The old saying might say “Like father, like son,” but in the case of Maren Mjelde, it is more a case of “Like father and mother, like son and daughter,” as football is in the Norwegian international’s blood.
“My parents play football. When I was little my brother [Erik Mjelde, who currently plays in Norway’s top flight] always brought me to his football training and I played alongside him,” Mjelde explained in an exclusive interview with FIFA.com. “When I was six my father founded a football team for boys my age. I had to compete with the boys because no girls were playing. That’s where it all started. Everybody was playing football, so I didn’t have a choice.”
It is therefore no surprise to learn that the 24-year-old speaks regularly with her brother and father and takes their opinions seriously. “My brother calls me whenever I have a game, and if he’s playing, I call him. I tell him what I think about his performance and he does the same with me – negative and positive. Our father is the same; he always calls us because he watches every game he can.”
Presumably, much of this feedback has been positive in recent months. The Gresshoppene reached the final of the UEFA Women’s European Championship in Sweden last summer and have since made a successful start to their FIFA Women’s World Cup Canada 2015™ qualifying campaign.
With success comes expectation
“First of all, we did so well at the EUROs. Nobody expected that from us and to be honest we didn’t expect that from ourselves either,” said Mjelde, who plays in Germany for Women’s Bundesliga side Turbine Potsdam. “Now when I look back, I am really disappointed because of the final. We had some great chances to win the game. Everybody in the team believed that we could win the final against Germany. But then – you know – the two penalties. Nadine Angerer is a great goalkeeper; she has been for many years. That was good for Germany and bad for us. But when I think about the whole tournament; I am really excited about what we did and how strong we were.”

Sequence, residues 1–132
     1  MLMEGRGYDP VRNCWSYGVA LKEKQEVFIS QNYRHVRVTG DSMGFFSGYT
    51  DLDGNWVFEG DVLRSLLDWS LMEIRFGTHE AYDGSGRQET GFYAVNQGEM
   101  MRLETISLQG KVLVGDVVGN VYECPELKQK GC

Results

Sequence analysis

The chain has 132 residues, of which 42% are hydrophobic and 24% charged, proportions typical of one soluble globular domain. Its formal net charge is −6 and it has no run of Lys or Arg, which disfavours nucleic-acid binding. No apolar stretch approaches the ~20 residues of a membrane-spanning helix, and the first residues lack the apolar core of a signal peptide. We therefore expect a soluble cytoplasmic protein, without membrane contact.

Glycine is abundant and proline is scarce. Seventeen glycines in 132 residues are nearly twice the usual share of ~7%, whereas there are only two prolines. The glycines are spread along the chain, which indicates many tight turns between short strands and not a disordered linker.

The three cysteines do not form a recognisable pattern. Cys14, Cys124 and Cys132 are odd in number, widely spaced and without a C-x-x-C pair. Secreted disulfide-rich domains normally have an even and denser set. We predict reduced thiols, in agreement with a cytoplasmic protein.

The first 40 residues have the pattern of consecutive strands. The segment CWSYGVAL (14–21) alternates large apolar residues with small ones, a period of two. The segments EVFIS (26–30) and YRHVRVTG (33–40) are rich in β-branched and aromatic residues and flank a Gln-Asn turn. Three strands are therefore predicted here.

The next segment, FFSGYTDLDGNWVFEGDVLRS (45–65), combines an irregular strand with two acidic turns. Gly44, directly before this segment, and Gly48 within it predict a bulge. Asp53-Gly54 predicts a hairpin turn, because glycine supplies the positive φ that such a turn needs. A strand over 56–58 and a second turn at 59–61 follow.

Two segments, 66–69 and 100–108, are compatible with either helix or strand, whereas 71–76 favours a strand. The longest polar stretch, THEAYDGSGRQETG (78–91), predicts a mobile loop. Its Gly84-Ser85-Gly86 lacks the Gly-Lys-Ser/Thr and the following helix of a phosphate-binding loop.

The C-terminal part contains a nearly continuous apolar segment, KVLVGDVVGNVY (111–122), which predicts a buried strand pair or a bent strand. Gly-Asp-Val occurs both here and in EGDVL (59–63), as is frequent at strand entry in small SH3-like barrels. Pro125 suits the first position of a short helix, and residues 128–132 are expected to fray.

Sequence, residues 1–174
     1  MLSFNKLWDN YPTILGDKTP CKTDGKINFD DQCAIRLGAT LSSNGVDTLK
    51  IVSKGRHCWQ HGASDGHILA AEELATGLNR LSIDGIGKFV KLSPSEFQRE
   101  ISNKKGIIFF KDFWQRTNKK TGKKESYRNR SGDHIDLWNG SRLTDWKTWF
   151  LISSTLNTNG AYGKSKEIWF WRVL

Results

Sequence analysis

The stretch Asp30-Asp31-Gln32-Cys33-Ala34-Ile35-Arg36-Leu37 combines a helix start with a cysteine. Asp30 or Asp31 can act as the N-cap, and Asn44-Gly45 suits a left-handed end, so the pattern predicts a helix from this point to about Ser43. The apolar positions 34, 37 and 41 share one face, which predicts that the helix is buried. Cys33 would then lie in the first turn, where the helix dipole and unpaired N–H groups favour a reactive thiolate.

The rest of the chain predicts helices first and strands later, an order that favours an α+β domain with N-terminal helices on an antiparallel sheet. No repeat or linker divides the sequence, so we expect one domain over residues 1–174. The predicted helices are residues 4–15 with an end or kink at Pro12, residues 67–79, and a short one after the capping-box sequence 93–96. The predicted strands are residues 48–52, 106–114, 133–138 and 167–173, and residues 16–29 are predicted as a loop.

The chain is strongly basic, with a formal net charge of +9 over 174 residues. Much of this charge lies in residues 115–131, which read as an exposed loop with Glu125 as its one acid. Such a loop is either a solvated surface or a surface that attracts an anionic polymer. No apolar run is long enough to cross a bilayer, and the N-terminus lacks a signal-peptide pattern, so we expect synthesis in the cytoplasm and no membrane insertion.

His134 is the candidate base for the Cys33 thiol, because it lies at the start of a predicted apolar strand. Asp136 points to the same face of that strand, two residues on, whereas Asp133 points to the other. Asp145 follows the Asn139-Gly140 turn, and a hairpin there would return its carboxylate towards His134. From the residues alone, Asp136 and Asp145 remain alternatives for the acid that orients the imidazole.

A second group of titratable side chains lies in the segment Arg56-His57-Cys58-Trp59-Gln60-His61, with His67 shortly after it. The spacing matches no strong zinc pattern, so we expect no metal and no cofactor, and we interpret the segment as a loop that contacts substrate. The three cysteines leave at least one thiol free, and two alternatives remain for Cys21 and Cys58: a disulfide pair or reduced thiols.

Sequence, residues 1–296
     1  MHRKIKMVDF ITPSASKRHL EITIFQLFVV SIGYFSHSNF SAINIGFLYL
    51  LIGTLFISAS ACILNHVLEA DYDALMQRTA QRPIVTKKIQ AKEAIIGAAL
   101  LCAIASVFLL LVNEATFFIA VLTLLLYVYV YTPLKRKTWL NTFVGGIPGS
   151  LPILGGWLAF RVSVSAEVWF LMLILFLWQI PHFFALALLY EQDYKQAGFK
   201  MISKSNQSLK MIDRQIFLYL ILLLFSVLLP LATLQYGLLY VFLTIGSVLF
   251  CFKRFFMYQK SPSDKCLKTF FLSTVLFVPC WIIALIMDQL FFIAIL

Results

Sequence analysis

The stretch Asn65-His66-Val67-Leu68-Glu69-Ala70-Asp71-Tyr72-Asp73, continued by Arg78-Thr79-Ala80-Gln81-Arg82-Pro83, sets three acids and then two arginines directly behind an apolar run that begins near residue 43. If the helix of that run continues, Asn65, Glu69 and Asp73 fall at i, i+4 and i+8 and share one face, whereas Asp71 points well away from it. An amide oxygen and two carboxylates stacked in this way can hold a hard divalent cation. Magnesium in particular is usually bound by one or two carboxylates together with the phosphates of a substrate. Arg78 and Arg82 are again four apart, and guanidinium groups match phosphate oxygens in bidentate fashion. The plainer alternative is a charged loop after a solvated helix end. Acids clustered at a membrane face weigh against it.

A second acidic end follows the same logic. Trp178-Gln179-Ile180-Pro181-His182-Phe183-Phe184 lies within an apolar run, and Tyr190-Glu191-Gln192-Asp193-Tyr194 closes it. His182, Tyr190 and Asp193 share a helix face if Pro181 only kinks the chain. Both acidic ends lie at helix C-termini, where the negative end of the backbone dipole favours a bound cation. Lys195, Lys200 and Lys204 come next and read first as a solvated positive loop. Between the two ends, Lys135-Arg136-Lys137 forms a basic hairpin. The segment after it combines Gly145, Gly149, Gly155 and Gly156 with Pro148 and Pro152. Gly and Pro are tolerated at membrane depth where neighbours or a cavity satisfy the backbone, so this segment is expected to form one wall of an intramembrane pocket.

We have seven games left, but I think we are strong enough to win them all. We should go to the World Cup.
On the one hand, the team’s recent success has increased expectations, but it has also raised the profile of women’s football in Norway even further, something the midfielder welcomes. “I think it’s great that people care more about women’s football. Of course we feel more pressure, but we have to live with that. We can see what we have achieved at the qualifiers, where we had a good start and won against good teams like the Netherlands and Belgium. I hope we continue that way.”
Norway have already laid the foundation for a successful qualifying campaign, leading Group 5 after four wins. “We have one foot in the World Cup right now,” Mjelde said confidently. “We have seven games left, but I think we are strong enough to win them all. We should go to the World Cup.”
Time for revenge
“I have played at the EUROs twice now and that is a really great experience and a big tournament, but the World Cup is even bigger,” explains Mjelde. “We didn’t do that well last time in Germany. The Norwegian team want revenge and my dream is to play in a really good World Cup.”
But before the Women’s World Cup gets underway on 6 June 2015, the Bergen native has her sights set on success with her club.
“I want to make to make it to the Champions League Final with Potsdam,” said Mjelde. “I have never played in the Champions League before; this is my first time. We beat Lyon, which was really cool. If we could play like we did against Lyon, we could go all the way. Anything can happen. My goal is to win something big with Potsdam,” she concluded.